Monday, December 06, 2004

Mrs. Fish

My dear and patient wife wants to play poker. Tonight. On my Party Poker account. So, I promised I'd let her play a $5 SnG. I further promised wouldn't make any comments unless she asks, which she won't. My dear and patient wife doesn't know what she's doing. It is going to KILL me to sit there and hold my tongue. All in the name of marital harmony. I think I'll probably keep a running diary of the event.

Last night, she watched over my shoulder as I played a $10 SnG, something she doesn't do very often (read: never). She had many questions and I was happy for the interest. I tried to explain to her, best I could, why I was making certain decisions. She was mostly concerned with my folding of what she perceived as "quality" hands. A couple times, she wondered why I didn't call bets. I told her I thought I was beat. And I was, thankfully. Even more thankfully, I won the thing, so I didn't come off a complete jackass, explaining all my sound strategy and bombing out in 7th.

As mentioned in the previous post, I like to be aggressive late in tourneys. In particular, on the bubble. A lot of players will just keep folding and hope for someone to get knocked out. I try to use that to my advantage. Now, this is far from a hard and fast rule. It depends on the other players and the chip counts. But last night, both were favorable.

I was just abusing the player to my left. I had pulled off a couple steals earlier, so pressed my luck when we got down to four. With the blinds at 100/200, I raised him 3 straight times from the SB. Only once did he call and immediately folded to my flop bet (if memory serves, my best hand of the 3 was K9o). After the third time, I turned to my dear and patient wife and said, "He's not going to put up with that any longer."

So, naturally, my next hand in the SB is two black aces. I may very well have this guy tilted, so I raise it 4x the BB. He uses his time bank (I'm imagining him with steam coming out of his ears) and finally calls. Flop is ragged with two spades. I put him all in and he calls with 62 of spades. Turn is a spade (!!$#&##!). River is a spade (YES!!!!!!!). Too funny.

Now for a conundrum. I'm pretty sure I did the right thing, but did I do the RIGHT thing?

Same tourney, 3-handed. I get those skanky Hilton sisters in the BB. Button, who is short stack, goes all in. SB calls. I call. So there's no side pot. I get a set of Qs on the flop and it's checked to me. Dutifully, with poker etiquette (is there really such a thing?) in mind, I check. We, in fact, check it all the way down.

Would it have been wrong (or, at least, frowned upon) if I bet there? I understand there's no side pot to bet at, and if I induce a fold, it's one less chance to knock out a player. But I'm trying to win this thing. I have a 3-1 chip lead after taking down the pot. I could have won it right there if the other player catches something on the board. My hand is pretty well hidden. I'm more than reasonably sure I'm going to knock out the button with my set of Qs.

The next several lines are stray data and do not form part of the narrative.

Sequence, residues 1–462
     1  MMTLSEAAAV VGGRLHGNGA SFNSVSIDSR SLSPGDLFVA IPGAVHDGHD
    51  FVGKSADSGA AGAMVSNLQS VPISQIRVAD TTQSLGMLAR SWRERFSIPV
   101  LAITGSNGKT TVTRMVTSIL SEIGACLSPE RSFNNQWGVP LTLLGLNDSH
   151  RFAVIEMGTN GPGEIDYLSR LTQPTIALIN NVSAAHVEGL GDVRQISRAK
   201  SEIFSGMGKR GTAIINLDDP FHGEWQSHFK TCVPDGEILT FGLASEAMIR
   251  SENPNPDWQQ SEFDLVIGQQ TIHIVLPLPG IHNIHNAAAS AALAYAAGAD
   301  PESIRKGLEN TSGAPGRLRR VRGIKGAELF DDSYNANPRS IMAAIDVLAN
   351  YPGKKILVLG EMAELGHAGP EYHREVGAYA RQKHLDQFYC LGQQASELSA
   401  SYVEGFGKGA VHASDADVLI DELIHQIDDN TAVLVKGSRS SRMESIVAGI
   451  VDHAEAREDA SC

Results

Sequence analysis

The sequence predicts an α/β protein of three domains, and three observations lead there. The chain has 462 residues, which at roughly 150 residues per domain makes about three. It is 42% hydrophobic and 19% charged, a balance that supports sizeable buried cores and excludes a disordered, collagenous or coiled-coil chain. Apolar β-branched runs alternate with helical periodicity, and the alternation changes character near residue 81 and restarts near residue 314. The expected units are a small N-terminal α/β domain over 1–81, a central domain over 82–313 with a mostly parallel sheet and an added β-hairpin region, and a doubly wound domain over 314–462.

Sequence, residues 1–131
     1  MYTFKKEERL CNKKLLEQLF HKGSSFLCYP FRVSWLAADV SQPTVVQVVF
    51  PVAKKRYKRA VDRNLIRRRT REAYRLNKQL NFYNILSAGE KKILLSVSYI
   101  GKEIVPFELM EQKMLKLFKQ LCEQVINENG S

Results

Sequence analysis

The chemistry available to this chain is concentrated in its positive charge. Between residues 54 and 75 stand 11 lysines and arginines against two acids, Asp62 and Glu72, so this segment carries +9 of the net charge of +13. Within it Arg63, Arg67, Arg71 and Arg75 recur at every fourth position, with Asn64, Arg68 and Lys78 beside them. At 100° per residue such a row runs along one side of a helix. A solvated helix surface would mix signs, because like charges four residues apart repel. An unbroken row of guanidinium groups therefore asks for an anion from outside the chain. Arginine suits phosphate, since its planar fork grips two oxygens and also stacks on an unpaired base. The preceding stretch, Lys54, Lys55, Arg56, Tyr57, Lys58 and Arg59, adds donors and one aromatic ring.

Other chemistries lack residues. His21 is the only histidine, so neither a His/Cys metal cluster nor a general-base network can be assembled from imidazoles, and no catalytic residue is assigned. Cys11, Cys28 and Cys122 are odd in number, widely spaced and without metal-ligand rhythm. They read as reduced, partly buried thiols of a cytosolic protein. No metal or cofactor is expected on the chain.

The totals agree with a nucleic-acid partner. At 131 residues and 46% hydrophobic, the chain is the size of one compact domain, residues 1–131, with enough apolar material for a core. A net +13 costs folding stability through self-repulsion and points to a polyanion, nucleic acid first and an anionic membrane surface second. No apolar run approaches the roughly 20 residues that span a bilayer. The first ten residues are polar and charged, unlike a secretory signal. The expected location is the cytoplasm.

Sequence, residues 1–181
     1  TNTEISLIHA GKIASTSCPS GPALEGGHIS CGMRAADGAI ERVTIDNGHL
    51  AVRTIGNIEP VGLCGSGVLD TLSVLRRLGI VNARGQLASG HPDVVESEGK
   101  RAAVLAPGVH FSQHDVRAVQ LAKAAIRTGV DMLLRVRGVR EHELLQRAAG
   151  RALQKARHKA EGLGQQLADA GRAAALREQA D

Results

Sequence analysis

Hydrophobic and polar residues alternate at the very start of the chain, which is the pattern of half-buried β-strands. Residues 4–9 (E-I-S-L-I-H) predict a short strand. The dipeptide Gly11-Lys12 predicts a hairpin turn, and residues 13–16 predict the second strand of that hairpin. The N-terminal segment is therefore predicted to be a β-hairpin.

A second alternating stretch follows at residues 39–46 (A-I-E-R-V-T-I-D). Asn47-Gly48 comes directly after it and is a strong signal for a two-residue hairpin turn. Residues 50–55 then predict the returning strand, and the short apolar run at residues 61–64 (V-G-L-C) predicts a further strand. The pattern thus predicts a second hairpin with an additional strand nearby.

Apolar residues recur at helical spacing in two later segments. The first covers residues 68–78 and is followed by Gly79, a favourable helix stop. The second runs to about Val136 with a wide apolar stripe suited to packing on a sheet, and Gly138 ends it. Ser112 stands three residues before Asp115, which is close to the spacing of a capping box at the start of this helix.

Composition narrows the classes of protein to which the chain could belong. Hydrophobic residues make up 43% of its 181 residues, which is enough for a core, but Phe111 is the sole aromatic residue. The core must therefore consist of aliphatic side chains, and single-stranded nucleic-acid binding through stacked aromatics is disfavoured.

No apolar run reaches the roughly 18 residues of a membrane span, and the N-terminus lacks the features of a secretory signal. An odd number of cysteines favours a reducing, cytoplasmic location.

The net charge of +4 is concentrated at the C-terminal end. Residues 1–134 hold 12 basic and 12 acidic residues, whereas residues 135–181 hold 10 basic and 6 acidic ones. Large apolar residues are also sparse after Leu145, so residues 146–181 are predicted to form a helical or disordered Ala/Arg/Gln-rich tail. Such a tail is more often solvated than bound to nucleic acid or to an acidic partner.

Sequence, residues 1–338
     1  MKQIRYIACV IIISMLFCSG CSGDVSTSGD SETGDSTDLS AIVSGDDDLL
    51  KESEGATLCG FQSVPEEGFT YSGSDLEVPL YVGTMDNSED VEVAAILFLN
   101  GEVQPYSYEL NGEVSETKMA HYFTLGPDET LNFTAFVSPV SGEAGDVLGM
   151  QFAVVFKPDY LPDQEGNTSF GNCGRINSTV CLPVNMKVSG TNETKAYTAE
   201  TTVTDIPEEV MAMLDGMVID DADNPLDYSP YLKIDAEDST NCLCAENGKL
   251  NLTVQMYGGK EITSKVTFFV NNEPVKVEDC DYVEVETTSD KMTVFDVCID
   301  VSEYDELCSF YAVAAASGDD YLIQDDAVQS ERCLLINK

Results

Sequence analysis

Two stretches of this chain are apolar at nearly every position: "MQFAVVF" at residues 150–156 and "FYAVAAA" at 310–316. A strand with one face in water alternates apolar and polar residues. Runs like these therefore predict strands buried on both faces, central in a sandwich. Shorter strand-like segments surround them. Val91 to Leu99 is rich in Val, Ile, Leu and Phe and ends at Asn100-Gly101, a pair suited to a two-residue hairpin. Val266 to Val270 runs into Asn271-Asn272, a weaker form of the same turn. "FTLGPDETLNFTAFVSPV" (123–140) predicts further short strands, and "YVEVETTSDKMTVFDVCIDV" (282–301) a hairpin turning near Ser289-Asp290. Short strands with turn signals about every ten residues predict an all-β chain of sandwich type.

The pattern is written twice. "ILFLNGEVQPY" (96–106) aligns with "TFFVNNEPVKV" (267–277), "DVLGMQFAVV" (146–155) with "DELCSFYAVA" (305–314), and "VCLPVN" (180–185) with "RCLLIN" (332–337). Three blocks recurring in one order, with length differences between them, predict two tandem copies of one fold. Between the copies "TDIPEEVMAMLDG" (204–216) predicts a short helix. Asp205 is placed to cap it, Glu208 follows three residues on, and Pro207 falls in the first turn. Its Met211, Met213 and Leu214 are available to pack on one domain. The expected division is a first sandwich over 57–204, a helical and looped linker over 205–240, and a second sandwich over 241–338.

It's been bugging me. I want to bet there. Would I be wrong? Did I blow my chance to get chips by not raising pre-flop and it is now my honor to check it down?

Any and all viewpoints will be considered.


Thank you folks for your responses. Of course, you are all correct. The lesson here, as always, is I'm an idiot.

But, at the risk of furthering my public humiliation, I want to explain where I got this notion, where my betting would be seen as a faux pas of sorts. The idea--or, more precisely, what I THOUGHT was the idea--was in my head from an old 2+2 thread. That thread pointed to an online article by Daniel Negreanu.

It was interesting to me when I read it (a couple months back, I guess), because it had not occurred to me previously.

Of course, the part I failed to grasp was the BLUFFING part (not to mention the multi-table issue). To add insult to injury, there's a companion article that SPECIFICALLY addresses my situation the other night (#5).

Thanks, again to those who responded.


At 4:02 PM, Blogger April said...

It's poker. You want to win. You have the best hand, you bet. What happens happens. Sometimes we get incredibly lucky and bust people out with what was the worst hand at the flop...and you might feel a little bad...but ya get over it. :) After all the times it's been you on the other's poker karma catching up with will. You have to be ruthless. That's the game.

At 6:39 PM, Anonymous Anonymous said...

I'd bet a smallish amount on the turn, a larger amount on the river, if still favorable.

It's all about cash. The rest is for the lawyers.


At 7:02 PM, Blogger Ignatious said...

hands like pocket queens don't grow on trees. much less, shorthanded.

i can't fathom checking that down there.

my humble two cents.


Post a Comment

<< Home